Virginia Bandy/Brown Publishing Ohio State Representative Matt Huffman urged the USPS to have a third party look at the plan to consolidate the Lima and Toledo processing centers to see if it was viable.
Virginia Bandy/Brown Publishing Ohio State Representative Matt Huffman urged the USPS to have a third party look at the plan to consolidate the Lima and Toledo processing centers to see if it was viable.
By Virginia Bandy

Brown Publishing Correspondent

Hundreds of concerned people crowded the auditorium of Lima Senior High School on Wednesday night, looking for reasonable answers to their questions about the proposed consolidation of the Lima mail processing facility with Toledo. This consolidation would affect anyone whose ZIP Code begins with 458.

The United States Postal Service, represented by Chu Falling Star, Cincinnati District Manager, called the public meeting to share their initial results of an Area Mail Processing (AMP) Feasibility Study, and to gain feedback from the community. Falling Star read a presentation that explained the USPS reasoning behind the proposed closure of the Lima facility, which would move processing to Toledo.

The presentation had a recurring theme of the USPS goal of being efficient, cost effective, and more competitive in the global market. Statistics were shown that indicated that mail volume has decreased over the years, and the feasibility study stated that the USPS would see a savings of $1.4 million per year if the two facilities are consolidated.

Falling Star stressed that even with the "steady erosion of first class mail," that the USPS is "paying for resources that we are not using." These resources include equipment, facilities and workers. The USPS study indicates that 57 jobs will be eliminated in the consolidation, and other jobs will change in description, change in the number of hours, or change locations. She said "no-one will be laid off," and that the USPS would be "responsible and ease employee relocation."

She also addressed the concern that the mail would be delayed. "That is simply not true," she said. The USPS plans to reduce driving time and fuel consumption with the consolidation, and Falling Star insisted that delivery times would not be affected. She also said that pick up times at collection boxes would not change, but that transportation costs would have to be added in order to keep that standard.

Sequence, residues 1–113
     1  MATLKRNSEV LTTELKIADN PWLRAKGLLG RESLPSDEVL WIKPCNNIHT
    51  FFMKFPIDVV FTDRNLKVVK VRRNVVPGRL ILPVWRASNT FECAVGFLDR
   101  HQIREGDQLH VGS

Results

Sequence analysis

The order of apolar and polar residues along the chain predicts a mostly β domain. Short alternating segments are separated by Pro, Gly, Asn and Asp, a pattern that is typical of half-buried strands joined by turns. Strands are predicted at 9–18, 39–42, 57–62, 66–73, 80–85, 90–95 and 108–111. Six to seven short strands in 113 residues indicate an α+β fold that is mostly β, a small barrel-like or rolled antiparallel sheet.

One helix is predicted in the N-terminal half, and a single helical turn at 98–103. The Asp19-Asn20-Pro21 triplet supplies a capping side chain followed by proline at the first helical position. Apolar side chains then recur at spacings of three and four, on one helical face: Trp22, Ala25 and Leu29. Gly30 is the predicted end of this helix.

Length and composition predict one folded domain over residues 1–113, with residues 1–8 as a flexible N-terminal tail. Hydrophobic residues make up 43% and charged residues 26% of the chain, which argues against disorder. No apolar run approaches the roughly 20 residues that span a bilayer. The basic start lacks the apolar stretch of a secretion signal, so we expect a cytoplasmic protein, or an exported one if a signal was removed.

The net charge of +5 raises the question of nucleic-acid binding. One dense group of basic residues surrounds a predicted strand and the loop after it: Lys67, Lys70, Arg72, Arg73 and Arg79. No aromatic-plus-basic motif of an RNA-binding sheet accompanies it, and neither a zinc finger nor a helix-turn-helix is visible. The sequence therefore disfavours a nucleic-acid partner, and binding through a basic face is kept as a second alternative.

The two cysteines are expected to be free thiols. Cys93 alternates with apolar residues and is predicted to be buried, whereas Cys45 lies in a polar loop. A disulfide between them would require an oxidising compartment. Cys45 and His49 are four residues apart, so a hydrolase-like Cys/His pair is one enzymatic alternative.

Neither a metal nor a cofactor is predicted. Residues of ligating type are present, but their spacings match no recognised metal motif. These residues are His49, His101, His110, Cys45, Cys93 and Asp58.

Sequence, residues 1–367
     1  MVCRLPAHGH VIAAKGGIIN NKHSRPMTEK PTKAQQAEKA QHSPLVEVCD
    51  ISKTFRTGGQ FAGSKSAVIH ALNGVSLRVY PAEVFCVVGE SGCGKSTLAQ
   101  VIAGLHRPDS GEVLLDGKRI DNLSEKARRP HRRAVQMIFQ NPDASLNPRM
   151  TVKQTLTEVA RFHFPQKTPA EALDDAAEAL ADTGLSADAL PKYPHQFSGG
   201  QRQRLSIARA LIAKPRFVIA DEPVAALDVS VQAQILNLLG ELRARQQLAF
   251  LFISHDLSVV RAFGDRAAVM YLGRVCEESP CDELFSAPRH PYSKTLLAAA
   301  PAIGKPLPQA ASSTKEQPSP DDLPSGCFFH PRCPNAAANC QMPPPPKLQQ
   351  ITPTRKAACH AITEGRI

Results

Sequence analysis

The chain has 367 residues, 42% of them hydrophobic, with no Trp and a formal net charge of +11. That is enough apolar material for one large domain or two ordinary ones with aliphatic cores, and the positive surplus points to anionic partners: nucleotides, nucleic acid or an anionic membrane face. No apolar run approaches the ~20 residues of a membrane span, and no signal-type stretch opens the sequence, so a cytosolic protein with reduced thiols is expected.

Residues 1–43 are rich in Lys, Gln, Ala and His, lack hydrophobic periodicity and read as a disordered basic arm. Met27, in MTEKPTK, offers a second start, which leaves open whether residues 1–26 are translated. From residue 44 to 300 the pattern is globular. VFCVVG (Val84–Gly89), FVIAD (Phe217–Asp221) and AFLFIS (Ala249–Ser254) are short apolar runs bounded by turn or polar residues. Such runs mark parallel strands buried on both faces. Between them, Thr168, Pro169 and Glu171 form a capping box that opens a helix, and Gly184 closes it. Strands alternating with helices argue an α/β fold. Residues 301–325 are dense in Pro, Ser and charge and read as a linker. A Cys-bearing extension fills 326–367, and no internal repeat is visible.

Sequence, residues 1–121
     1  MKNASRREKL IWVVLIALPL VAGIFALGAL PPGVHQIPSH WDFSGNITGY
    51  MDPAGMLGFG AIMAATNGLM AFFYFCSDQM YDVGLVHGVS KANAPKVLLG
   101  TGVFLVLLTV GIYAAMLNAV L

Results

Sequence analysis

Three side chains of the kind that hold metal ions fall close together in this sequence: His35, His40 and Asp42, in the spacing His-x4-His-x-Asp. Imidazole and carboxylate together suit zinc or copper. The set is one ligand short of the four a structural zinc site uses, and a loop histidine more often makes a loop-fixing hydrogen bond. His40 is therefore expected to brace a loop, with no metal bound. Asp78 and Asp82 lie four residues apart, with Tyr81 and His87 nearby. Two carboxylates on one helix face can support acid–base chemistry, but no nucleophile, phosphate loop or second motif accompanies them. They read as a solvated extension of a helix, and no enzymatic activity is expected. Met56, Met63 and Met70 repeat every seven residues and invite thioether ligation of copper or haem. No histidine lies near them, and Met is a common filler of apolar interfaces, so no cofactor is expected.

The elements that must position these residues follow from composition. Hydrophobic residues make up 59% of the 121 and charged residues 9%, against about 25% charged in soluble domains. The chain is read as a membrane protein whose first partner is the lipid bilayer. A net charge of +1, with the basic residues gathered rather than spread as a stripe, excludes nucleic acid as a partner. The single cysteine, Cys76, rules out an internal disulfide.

During the question and answer period, numerous people took their turn at the microphone to express their concerns and to ask questions.

Drawing the biggest response from the crowd was Lima Mayor Dave Berger, who formally requested that the USPS conduct an "entirely open, public and transparent study." Falling Star had indicated that portions of the data are not yet available, including an estimate on those added transportation costs for keeping delivery/collection times the same. She had then mentioned that 80 percent of the $1.4 million in savings would be in labor expenses, but had no data to back up her statement.

Mayor Berger reminded everyone of the incident back in 2001 when all of Washington, D.C.'s mail was brought to Lima to be checked for anthrax. "Our community and our region served our nation. We deserve to be treated with respect in this process," he said. "We are not foolish, ignorant people. We can read reports, we can understand data, and there is no data. You haven't proven your case." No response was forthcoming from Falling Star following his remarks.

A representative from Congressman Jim Jordan's office spoke harshly to Falling Star, saying that "we came here expecting to be wowed by this presentation, and all we saw was a dud." Jordan is known to be in favor of any government entity that is striving to be more efficient, but his representative noted that more "homework" is necessary. Jordan's suggestion is for an outside party to do a separate study.

The same suggestion had been made by Ohio State Representative Matt Huffman, who said that if this was truly a business model that would save money and improve efficiency, that a third party would be helping to put the plan together. Falling Star said there is no third party involved.

Huffman stressed that it is businesses who drive the mail: through billing statements and advertising flyers, and told Falling Star "you're not going to be able to service this area," describing Lima as a regional hub for shopping.

Ohio State Senator Keith Faber stated that he serves counties that use three different processing centers: Lima, Dayton and Columbus. As a senator, business owner and lawyer, he has had the best experience with the Lima center. The southern most point of the 458 ZIP Code area is Fort Recovery, which is 133 miles from Toledo. He said that it would be impossible to keep a delivery schedule with an extra four hours in driving time.

Terry Grant, Ohio APWU (American Postal Workers Union) President, stressed to the crowd "this is not a done deal. You can save the Lima Processing Center." He has been to four public meetings in less than a year, including Zanesville and Mansfield, where consolidations have been stopped due to the communities getting involved. He encouraged all of those present to contact their elected officials.

Several people asked why the USPS isn't considering moving the Toledo processing center down to Lima, since Lima's performance record and efficiency ratings have been consistently higher. No response was given from Falling Star. The majority of those who asked questions seemed to walk away from the microphone shaking their heads in either confusion or in disbelief, due to the responses (or lack thereof) by Falling Star.

The USPS is also accepting public comments by mail until January 21, 2010. The mailing address is Manager Consumer Affairs, Cincinnati District, 1591 Dalton Street, Room 108, Cincinnati, OH 45234-9631. It was not mentioned when the USPS will make a formal decision on the matter.